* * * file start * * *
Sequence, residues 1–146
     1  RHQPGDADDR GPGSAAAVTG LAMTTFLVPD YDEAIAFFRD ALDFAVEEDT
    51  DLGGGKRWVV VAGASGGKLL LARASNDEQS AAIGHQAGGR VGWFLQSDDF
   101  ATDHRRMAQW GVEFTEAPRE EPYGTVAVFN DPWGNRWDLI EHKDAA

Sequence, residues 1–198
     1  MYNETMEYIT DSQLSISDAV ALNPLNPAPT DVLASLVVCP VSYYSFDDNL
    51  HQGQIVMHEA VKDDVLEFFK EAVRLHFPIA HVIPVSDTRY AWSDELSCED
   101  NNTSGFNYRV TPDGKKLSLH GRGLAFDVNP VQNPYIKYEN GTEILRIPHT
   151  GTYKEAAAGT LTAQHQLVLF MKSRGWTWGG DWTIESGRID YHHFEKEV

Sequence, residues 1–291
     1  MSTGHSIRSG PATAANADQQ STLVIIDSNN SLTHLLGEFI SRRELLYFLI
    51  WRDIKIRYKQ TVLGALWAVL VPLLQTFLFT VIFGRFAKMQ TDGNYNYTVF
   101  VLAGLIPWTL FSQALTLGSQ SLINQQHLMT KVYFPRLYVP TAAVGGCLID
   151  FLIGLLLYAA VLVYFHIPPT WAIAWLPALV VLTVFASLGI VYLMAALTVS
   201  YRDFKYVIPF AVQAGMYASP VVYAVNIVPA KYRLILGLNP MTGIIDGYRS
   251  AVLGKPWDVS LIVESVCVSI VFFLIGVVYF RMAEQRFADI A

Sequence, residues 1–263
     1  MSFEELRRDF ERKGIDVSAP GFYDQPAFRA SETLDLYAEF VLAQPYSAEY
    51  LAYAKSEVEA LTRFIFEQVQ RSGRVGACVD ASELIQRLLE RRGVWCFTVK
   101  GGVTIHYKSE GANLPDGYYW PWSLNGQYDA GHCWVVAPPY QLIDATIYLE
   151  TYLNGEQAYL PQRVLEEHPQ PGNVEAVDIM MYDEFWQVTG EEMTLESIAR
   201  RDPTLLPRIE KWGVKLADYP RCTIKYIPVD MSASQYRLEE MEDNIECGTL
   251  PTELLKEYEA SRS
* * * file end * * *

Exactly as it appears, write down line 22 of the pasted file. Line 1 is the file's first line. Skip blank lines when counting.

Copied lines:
   201  RDPTLLPRIE KWGVKLADYP RCTIKYIPVD MSASQYRLEE MEDNIECGTL